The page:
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New SRA Handbook to provide less guidance and resources

'We want to move away from a prescriptive set of complex rules to focus on core professional standards,' says Paul Philip

26 November 2015

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The Solicitors Regulation Authority (SRA) intends to give law firms in England and Wales "greater freedom to run their businesses as they need to", it has said today.

In a new position paper, the regulator has also outlined proposals to remove restrictions on where solicitors can work so that they can provide legal advice more widely.

"We want to move away from a prescriptive set of complex rules to focus on core professional standards, with additional restrictions only when necessary," said Paul Philip, CEO of the SRA.

"I want to see an end to the long and unwieldy Handbook and instead give the profession simple, clear guidance on what we require."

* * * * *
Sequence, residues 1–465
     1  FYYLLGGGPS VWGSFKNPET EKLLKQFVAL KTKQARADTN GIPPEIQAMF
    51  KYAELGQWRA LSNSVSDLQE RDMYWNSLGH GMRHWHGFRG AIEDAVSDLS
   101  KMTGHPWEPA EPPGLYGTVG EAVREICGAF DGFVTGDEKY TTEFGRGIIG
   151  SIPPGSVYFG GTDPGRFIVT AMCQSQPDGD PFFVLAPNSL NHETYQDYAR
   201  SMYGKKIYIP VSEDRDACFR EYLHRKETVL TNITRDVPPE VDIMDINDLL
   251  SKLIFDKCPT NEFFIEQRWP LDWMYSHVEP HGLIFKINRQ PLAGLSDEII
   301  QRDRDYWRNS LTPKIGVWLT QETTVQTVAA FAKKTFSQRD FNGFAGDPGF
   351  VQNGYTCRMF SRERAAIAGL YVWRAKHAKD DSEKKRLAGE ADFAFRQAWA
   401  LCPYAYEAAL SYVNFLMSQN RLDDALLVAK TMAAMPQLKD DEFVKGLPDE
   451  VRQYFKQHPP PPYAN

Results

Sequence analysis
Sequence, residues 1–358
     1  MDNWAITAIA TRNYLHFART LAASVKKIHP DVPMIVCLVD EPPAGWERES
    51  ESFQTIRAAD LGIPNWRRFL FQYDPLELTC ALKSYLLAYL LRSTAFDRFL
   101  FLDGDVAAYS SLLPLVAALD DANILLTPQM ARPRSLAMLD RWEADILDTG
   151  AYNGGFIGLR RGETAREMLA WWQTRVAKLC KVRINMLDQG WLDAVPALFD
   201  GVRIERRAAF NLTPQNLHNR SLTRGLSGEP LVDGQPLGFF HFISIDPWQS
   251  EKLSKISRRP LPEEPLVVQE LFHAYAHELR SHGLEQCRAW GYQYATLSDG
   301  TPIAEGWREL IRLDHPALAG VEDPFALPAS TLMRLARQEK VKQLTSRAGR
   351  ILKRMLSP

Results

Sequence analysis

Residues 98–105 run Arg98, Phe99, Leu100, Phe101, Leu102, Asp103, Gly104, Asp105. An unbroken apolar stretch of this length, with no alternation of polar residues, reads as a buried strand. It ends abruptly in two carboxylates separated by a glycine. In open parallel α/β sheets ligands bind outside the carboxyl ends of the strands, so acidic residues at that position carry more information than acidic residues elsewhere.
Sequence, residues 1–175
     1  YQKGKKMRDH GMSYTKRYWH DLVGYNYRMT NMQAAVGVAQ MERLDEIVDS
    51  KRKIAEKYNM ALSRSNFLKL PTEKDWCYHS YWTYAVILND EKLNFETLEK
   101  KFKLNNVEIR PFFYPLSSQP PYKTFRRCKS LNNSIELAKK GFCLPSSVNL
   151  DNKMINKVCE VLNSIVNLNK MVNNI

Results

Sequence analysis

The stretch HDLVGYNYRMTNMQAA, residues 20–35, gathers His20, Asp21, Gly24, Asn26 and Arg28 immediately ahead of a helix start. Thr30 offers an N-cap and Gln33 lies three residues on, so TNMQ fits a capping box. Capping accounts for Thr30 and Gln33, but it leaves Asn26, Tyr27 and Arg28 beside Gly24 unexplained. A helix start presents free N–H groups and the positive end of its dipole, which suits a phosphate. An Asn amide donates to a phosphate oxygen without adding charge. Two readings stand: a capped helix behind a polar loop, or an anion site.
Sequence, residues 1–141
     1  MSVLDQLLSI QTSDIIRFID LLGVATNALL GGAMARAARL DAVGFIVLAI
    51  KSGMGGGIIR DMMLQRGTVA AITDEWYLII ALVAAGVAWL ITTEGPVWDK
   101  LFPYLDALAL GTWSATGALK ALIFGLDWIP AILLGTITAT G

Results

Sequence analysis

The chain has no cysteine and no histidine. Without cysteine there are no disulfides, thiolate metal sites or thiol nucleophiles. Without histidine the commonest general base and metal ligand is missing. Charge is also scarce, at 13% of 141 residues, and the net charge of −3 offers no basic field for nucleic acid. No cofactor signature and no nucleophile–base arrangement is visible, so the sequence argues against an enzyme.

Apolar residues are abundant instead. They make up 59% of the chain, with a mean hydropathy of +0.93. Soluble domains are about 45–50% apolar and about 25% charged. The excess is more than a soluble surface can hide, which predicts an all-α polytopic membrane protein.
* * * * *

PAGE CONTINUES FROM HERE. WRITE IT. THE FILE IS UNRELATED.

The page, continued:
The move forms part of the SRA's controversial shift towards a more outcomes-focused approach in its regulation of law firms, including continuing professional development.

In May 2014, the SRA announced an ambitious programme of reform, with the aim of reducing its rules and regulations. Nearly 40 rules have been removed in the 18 months since the programme was launched.

"The legal services market is developing at an unprecedented rate and the expected review of the Legal Services Act may bring further changes. We have to design an up-to-date and fit-for-purpose approach that will protect the public and give flexibility to the profession," said Philip.

The SRA plan to focus its regulatory measures on the areas of greatest risk, helping to deliver more targeted, effective safeguards.

The paper sets out the regulator's plans for a new-look Handbook, which includes a move towards much briefer guidance and resources.

Asked Enid Rowlands, chair of the SRA Board: "Do we really need such complex and restrictive rules when solicitors are already bound by core professional standards and principles such as integrity, confidentiality and independence?"

"Does it make sense that the public cannot access legal advice from a solicitor unless they go to an organisation authorised by a legal regulator?"

The SRA will launch a formal consultation on the proposed changes in spring 2016. There will be further consultations as part of a phased review over the next 18 months.

"We expect that it will be Spring 2017, at the earliest, before any changes come into force," the regulator said.


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